Visits during the weekend have the algorithm giving higher weights to events and shows (as they are perishable / time sensitive) and visits during the week have the site prioritizing content that has wider group appeal with little or no time expiration – as desktop users have been proven to dominate the site Monday through Friday and are looking at longer-term, and more substantial, vacation plans. All of this is calculated on the first visit, as the database has little else to go on except these pre-established rules that were based on researched behavior. Once the visitor begins interacting with the site, the types of content consumed are recorded and averaged with other visited pages so that the website customizes itself based on a profile it is constantly refining. Each subsequent visit to the site becomes more and more relevant. More personalized.

Taking a look at traffic patterns to uncover user behavior.

The graphic above shows website traffic, day in, day out. The tell-tale sawtooth pattern told us that there was repeatable and consistent user behavior. This was potentially exciting news as it might reveal a key insight. As marketers, we leverage repeatable behavior by predicting what type of messaging the consumer will respond to and when. What we noticed was that the spikes (increases in daily traffic to the website) were a different shape between smartphone and desktop visitors. The troughs (decreases in daily traffic) were different as well. Was there a story there? Why yes, there was.


Proof of a dual audience, revealed by Day of Week.

Zooming in reveals that spikes in traffic on Saturday and Sunday is largely due to the smartphone visitor and they drop off significantly on weekdays. These people are younger and are looking for information quickly to enhance their day plans. Site search, relevant results and speed are critical.



Looking closer at the desktop user, it’s fascinating to see the opposite. Spikes in traffic happen consistently from Monday through Friday and drop off on the weekends. The desktop user is looking for amazing places to go and needs guidance and suggestions. Put your best content forward, give them compelling reasons and reward them for browsing around. They are not in a hurry, but they don’t want their time wasted either.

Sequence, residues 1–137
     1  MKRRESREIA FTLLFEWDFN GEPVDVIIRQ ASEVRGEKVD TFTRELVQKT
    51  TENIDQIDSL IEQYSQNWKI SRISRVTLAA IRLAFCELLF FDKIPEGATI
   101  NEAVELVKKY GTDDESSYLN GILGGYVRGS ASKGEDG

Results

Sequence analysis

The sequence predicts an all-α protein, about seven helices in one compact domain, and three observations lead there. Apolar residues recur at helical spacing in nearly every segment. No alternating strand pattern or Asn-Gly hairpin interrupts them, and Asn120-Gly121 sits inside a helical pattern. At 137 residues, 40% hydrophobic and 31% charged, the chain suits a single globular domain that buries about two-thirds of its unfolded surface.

tourism website

Enjoy the Show. Check out the website for yourself.



While the new site has only been live for less than two months, the results tell quite the story – with more than 100 thousand additional visitors than the previous year at this time and those visitors reading more than 662,000 pages collectively. The dual-strategy pays off, with analytics proving that visitors in the 25-44 age range prefer to visit via smartphone and are using site search to find information quickly. And – as predicted – consuming the same amount of pages as desktop users but with twice the speed. Side note: this is something to keep in mind if you are using Time On Site as a KPI. H/L is beginning to recommend speed as a KPI for smartphone users (low TOS). Conversely, we are pushing for higher TOS as a KPI for desktop users. As expected, those desktop users spend twice as much time per visit on average and seek out exploratory topics such as Things To Do, Lodging, and Trip Ideas.

Here’s one of the more intriguing aspects of the new site launch: 75% of visitors in the last 6 weeks are smartphone users. This is a drastic spike in mobile usage that bucks the trend of the last few years which only showed a stable and steady rise. This 25% increase is being evaluated at the moment and it looks like social channels have had a larger impact on tourism traffic than in previous years. We will continue to monitor the traffic statistics and develop an explanation around causality.

H/L is proud to have worked alongside the marketing staff at the Missouri Division of Tourism. The goal was to deliver a rich, online experience to inspire people to choose a wonderful Missouri vacation. Missouri, as always, will certainly deliver on that promise. Enjoy the show.